Browse Sursurunga – English



wawar1particleEnglishexclamation of surpriseAs an expression of surprise, this word can stand alone or can precede a statement or question which states the opposite of what has just been said, perhaps a truthful statement following one which is untrue, or an alternative to what has been suggested since the suggestion is impossible or ridiculous.Tan tátáil án lotu di parai ngo matananu án wák má matananu án káláu di no da top i te na hat i pákur uri pasbat i rumán sasam. Mái sár ngo matananu di parai uri tan tátáil án lotu ngo, “War di tu ret sang mam git! Ai má gita kip te namnam til ái ur on á ahat i pákur ngorer?”The church leaders said the women people and the men people they all should grasp/provide four food packages for the clinic opening. However people said to the church leaders, that, "Why they are indeed joking with us! From where will we get food for four food packages like that?"2conjunctionEnglishintroducer; in fact; indeedAs an introducer, wa typically precedes information that elaborates, clarifies, or explains what precedes it, frequently introducing appositions.I pákánbung ái Iesu a sol ngoro kabisit ami Ierusalem, matananu di árngai mai worwor ngoromin, "Huihui iá! Huihui iá! Ái Káláu na kuluk mam Koner a hut mai ngisán, wa koner a kabisit káián Israel!"When Jesus entered as a king into Jerusalem, people praised him with talk like this, "Hallelujah! Hallelujah! May God do good to (bless) That One who comes with/in his name, that one who is the king of Israel!"
-wa-i2Englishsuffix indicating transitiveThis is a suffix added to some intransitive verbs to transitivize them. See the cross references for the verbs that make use of this.-na-iargemwai; gángwai; gerwai; iahwai; mikmikwai; murwai; namurwai; tustuswai
wah1intransitive verbEnglishsorcery; black magicTok PisinpoisenThis is evil magic, causing harm or death.iniatdahillatlatkomkomlamlamtám wahtumtumwawulwahi4.3.9.1Customanthro
wah2alienable vocative nounEnglishsibling of same sexThis short form or nickname for tuang arose in the 1990's. Using it may connote a closer relationship among brothers or sisters than just anyone who is called by the term tuang. tuang4.1.9Kinshipkinship
wah-itransitive verbEnglishsorcerize; poison supernaturallywah14.3.9.1Customanthro
wai1particleEnglishexclamation of shock3.5.1Sayspeak
wakatalalienable nounEnglishwallaby; Agile Wallaby; Forest WallabyTok PisinsikauThe wak’s color is brown. Its two arms are very small and it does not walk with them. It walks only with its two very long legs and its tail. The big one is equal to one pokon (close to 2 metres) in its height. It eats tree fruits and tree leaves. The wak lives up in the middle of the jungle. People do not often see it there close to the village. When they hunt in the jungle, then they will meet up with it up in the middle of the jungle. They also eat it. In the old stories/myths from Sursurunga, they say about the wak that he is a liar. If a man flirts with women, then they say about him that "He is doing a wallaby in the eyes of women.". In the old Sursurunga stories about the wak, he lies to the children (and tells them) to tie him up with a vine that isn’t strong and they then carry him with an easily breakable branch. And when the children carry him to the village, then he flails around and breaks apart that vine they tied him with and scatters it, then he flees-returns to the jungle. One more story about the wak is that he tricks the dog into eating feces.atallonglong wak1.6Animalanimal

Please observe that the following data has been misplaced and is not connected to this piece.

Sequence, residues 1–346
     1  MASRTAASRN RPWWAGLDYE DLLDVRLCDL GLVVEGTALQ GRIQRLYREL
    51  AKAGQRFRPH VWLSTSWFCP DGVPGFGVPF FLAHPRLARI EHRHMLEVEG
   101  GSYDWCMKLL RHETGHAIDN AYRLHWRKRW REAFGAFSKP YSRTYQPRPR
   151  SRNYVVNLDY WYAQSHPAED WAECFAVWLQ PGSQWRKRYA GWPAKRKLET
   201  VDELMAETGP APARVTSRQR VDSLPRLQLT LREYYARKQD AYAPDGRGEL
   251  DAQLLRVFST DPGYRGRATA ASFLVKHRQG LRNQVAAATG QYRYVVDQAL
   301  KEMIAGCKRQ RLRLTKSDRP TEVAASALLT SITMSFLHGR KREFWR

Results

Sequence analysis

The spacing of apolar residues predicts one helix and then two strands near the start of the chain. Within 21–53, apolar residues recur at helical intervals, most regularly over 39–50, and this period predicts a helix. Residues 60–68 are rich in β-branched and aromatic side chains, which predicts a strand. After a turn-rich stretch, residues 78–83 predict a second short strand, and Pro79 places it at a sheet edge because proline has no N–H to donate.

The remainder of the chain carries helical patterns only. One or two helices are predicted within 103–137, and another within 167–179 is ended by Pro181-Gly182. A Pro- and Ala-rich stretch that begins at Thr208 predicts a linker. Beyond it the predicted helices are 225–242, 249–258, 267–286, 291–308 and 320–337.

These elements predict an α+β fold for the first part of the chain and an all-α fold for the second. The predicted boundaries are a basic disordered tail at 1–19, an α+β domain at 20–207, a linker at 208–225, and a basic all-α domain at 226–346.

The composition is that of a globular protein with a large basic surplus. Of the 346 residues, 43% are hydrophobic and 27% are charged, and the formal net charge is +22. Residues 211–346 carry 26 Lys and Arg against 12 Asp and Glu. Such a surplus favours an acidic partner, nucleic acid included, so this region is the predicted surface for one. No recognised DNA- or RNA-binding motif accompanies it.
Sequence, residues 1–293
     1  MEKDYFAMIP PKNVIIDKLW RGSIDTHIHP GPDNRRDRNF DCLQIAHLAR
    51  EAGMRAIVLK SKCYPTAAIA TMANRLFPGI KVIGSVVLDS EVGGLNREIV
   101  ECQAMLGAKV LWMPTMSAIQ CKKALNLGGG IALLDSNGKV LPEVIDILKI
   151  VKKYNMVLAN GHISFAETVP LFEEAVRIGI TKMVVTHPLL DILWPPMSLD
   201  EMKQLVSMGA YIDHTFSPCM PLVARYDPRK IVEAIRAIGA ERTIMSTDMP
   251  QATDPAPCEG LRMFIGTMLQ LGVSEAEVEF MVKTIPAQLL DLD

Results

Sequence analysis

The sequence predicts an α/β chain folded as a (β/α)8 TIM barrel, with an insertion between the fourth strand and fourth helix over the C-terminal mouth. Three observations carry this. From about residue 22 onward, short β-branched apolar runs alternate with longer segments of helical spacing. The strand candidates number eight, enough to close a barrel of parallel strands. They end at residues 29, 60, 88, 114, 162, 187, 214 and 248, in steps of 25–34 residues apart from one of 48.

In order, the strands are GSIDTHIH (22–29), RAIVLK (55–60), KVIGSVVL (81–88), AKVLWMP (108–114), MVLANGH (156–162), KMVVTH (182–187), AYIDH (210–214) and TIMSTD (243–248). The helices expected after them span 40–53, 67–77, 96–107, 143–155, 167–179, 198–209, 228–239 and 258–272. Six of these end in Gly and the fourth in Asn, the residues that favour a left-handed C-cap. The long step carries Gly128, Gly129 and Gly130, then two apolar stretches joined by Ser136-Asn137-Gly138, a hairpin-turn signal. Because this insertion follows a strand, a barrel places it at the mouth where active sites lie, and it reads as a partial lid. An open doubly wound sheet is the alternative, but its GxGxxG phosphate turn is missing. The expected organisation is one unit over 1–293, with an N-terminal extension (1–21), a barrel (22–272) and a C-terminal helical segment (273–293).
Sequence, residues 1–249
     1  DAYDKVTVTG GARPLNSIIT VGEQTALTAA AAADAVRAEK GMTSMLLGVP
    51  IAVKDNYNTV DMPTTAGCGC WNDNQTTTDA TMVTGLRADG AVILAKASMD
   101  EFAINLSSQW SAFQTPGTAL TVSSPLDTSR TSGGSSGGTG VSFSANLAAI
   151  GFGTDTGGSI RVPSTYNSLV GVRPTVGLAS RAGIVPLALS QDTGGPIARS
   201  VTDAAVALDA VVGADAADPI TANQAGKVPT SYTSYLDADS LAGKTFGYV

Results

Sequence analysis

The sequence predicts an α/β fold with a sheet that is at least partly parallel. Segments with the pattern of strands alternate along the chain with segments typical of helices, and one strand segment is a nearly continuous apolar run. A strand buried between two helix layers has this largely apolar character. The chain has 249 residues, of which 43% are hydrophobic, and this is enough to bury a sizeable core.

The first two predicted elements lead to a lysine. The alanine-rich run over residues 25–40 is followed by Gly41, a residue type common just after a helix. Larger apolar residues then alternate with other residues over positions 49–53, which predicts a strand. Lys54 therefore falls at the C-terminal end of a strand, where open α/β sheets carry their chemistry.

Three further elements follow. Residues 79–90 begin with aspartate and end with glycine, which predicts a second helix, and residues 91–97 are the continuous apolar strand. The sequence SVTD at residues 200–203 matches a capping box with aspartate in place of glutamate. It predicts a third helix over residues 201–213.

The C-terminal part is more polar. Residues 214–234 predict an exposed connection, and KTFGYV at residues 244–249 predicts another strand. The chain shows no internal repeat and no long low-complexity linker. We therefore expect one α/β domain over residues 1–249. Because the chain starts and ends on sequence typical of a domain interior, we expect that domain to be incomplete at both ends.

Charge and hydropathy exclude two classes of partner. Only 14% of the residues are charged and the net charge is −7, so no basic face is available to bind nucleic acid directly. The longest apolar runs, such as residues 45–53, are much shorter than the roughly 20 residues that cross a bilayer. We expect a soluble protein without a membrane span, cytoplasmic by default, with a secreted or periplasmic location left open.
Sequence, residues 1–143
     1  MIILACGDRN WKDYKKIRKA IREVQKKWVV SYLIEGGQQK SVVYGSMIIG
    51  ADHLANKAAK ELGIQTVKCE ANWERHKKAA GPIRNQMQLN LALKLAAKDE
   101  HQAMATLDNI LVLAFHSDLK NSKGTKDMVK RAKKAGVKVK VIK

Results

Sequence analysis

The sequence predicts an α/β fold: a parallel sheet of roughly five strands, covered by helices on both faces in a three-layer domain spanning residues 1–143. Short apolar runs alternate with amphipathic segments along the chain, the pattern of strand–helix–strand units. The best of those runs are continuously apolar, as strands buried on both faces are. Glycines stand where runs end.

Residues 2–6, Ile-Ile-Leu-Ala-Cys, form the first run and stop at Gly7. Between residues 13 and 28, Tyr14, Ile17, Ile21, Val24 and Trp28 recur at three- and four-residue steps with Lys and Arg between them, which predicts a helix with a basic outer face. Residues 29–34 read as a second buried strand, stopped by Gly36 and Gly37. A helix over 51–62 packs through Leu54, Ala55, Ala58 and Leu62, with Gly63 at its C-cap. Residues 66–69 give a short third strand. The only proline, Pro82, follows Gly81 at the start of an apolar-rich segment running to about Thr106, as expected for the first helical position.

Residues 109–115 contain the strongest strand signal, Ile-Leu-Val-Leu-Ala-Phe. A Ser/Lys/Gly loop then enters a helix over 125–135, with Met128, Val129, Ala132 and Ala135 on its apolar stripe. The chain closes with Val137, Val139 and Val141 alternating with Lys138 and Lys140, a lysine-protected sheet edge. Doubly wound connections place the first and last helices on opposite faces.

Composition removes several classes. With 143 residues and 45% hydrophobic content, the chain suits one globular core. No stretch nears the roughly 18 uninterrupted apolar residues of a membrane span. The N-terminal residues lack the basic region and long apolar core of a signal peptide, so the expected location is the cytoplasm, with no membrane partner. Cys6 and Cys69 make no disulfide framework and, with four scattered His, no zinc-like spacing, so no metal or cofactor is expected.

wak pas-itransitive serial verbSurlong pasi tili polgonEnglishpick up or outopen getNabung a hut til Namatanai, a káng sang á kán rat mai bu má pok. Má a be hut main i malar, ki tan kalilik dik lu long pasi á tan bu má pok erei tili polgon kán rat. Má ái ák tu márásngin pagas sár i di dik wak pasi tan táit erei tili kán rat.Yesterday (when) he arrived from Namatanai, his basket was very full with betel nut and betel pepper. And/but when he had arrived here in the village, the guys took that betel nut and betel pepper from inside his basket. And him he just watched them they were picking out those things from his basket.pasi1; waki
wak-itransitive verbSurpaki; pasbat i ngudun rat ngo bilumEnglishopen by spreading apartTok PisinopimThis is the action one does to one's rat (basket) to get something from it or show that one has no betel nut.Be, wa dánih gam lu lala paki suri á kán bilum á kálámul erei? Amu te dánih er i polgon bilum er gamá lu lala waki kán natun bilum á kálámul?Hey, why are you all spreading open that man's bilum? What food of yours is there inside the bilum that you are spreading open that man's old bilum?wak pasi